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ORIGINAL ARTICLE
Year : 2020  |  Volume : 61  |  Issue : 4  |  Page : 218-222

Assessment of health-care research and its challenges among medical doctors in Nigeria


1 Department of Surgery, Ahmadu Bello University/Ahmadu Bello University Teaching Hospital, Zaria, Kaduna State, Nigeria
2 Department of Surgery, College of Medicine, University of Lagos and Lagos University Teaching Hospital, Idi-Araba, Lagos, Nigeria
3 Department of Surgery, Usman Danfodio University/Usman Danfodio University Teaching Hospital, Sokoto, Nigeria
4 Department of Surgery, Bayero University/Aminu Kano Teaching Hospital, Kano, Nigeria
5 Department of Surgery, Nnamdi Azikiwe University Teaching Hospital, Nnewi, Anambra State, Nigeria
6 Department of Surgery, University of Port Harcourt/University of Port Harcourt Teaching Hospital, Port Harcourt, Rivers State, Nigeria
7 Department of Surgery, College of Health Sciences, University of Abuja and University of Abuja Teaching Hospital, Gwagwalada, Abuja, Nigeria
8 Department of Surgery, University of Ilorin and University of Ilorin Teaching Hospital, Ilorin, Kwara State, Nigeria
9 Department of Surgery, University of Jos/Jos University Teaching Hospital, Jos, Plateau State, Nigeria
10 Department of Surgery, University of Maiduguri Teaching Hospital, Maiduguri, Borno State, Nigeria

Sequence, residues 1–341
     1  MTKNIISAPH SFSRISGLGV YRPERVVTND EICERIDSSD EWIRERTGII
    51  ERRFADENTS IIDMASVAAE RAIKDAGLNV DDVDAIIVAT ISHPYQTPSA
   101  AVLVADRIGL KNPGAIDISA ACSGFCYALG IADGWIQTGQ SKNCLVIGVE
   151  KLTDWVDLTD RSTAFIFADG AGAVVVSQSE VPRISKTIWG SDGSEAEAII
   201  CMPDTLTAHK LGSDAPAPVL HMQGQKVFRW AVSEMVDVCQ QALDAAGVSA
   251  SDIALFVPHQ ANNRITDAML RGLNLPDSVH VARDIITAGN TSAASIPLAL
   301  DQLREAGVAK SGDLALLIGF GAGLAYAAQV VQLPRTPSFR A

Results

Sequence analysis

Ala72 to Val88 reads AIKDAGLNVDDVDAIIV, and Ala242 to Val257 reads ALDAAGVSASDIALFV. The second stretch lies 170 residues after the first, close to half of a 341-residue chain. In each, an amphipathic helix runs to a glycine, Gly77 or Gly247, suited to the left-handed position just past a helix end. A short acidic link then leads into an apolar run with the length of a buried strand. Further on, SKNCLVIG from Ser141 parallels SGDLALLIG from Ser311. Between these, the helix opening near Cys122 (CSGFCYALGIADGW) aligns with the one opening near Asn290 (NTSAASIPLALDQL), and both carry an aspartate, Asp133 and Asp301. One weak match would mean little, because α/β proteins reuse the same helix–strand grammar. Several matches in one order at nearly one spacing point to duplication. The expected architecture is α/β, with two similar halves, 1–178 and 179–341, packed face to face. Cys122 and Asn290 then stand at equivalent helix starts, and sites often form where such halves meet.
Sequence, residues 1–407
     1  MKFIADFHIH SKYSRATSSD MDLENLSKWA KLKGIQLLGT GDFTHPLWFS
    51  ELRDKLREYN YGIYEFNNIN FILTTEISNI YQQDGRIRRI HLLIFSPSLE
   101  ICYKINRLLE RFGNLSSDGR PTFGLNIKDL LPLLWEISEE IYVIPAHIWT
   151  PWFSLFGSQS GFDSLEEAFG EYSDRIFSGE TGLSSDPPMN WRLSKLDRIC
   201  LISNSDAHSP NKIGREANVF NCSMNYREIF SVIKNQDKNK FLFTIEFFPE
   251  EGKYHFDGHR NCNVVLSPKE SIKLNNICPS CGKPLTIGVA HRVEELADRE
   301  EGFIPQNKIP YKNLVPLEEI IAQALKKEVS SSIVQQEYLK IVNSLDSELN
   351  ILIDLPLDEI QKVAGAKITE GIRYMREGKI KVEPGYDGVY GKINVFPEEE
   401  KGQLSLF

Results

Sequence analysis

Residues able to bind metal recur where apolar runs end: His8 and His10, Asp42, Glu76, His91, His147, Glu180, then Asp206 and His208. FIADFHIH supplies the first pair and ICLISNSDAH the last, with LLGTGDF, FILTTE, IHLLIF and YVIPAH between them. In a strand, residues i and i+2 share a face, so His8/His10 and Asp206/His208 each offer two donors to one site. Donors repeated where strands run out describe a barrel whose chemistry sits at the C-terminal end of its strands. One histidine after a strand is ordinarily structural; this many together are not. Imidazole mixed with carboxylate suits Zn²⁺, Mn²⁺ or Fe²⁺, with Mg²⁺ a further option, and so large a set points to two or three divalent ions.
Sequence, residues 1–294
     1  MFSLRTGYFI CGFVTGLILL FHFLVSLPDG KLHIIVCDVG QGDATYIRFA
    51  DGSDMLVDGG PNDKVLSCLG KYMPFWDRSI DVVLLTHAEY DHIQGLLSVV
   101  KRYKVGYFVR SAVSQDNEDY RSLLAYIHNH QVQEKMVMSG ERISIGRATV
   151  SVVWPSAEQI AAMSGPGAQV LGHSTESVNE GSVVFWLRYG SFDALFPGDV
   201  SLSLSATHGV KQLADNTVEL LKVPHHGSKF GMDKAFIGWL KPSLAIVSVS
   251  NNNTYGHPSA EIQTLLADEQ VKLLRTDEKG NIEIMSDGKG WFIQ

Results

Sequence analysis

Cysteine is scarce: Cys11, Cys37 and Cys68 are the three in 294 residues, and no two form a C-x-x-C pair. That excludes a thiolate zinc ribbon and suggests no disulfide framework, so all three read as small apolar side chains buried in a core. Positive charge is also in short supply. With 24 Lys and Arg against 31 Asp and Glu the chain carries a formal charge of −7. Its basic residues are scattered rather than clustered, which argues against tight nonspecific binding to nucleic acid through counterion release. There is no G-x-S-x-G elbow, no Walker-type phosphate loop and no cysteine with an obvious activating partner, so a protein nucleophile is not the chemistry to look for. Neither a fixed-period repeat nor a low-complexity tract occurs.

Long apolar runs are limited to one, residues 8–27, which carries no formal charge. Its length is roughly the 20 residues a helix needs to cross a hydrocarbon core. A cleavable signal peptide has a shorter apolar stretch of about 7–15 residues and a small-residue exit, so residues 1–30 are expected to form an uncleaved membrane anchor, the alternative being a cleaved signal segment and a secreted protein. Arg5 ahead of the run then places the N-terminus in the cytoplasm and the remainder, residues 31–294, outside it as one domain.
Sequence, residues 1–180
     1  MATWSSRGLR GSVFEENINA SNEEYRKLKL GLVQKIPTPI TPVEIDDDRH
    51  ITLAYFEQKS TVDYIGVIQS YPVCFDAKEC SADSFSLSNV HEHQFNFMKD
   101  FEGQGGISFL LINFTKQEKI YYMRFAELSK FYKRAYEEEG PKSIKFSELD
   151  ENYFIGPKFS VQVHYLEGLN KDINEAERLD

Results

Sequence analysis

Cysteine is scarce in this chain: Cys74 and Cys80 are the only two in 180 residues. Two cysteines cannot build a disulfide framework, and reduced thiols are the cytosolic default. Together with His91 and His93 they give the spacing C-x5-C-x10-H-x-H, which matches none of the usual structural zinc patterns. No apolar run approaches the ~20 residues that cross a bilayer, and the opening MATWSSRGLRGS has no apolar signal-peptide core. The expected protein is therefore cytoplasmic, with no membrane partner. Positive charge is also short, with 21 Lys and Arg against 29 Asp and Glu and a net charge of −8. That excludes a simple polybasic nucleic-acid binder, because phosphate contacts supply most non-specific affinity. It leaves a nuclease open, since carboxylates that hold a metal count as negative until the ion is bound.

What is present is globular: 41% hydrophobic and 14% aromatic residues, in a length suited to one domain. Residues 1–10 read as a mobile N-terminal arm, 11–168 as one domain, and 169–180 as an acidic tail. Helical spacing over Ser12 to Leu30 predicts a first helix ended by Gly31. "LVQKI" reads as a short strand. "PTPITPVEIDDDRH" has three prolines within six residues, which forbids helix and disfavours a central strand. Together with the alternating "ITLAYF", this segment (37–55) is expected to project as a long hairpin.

Correspondence Address:
Dr. Musliu Adetola Tolani
Department of Surgery, Ahmadu Bello University/Ahmadu Bello University Teaching Hospital, Zaria, Kaduna State
Nigeria
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Source of Support: None, Conflict of Interest: None


DOI: 10.4103/nmj.NMJ_46_20

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Introduction: Health-care research in Nigeria has been growing over the years but is constrained by many difficulties. This study aimed to identify the challenges encountered in health-care research and suggest policies to address these problems. Materials and Methods: It was a cross-sectional study of medical doctors who have been involved in health-related researches. All participants filled a self-administered online questionnaire comprising 31 questions in five sections. The responses were analyzed using the Google forms and the Statistical Package for the Social Sciences software version 23. Results: The mean age of the study participants was 41.0 ± 8.4 years. Three-quarters of the respondents (75.5%) worked in teaching hospitals. Nearly all (96.6%) carried out their studies using personal funds and only one in 10 had been involved in high-budget projects (≥₦1,000,000). The generation of quality researches was impeded by the restriction of literature review to free online journals (93.2%), incomplete health records (88.0%), limited access to research kits (65.7%), limited use of advanced statistical analysis (29.8%), and challenges with obtaining ethical approval (21.2%). Despite the average online visibility of these researches (52.2%), only 28.5% stated that it has been locally adopted to influence medical practice in their center. Conclusion: There is a wide disparity in research capacity among hospital tiers. It is important to leverage on and expand existing partnerships to provide institutional access to premium literature, offer robust, and assessable financial support for the conduct of high-quality researches and provide a framework to bridge the gap in the use of these works to influence practice change in Nigeria.


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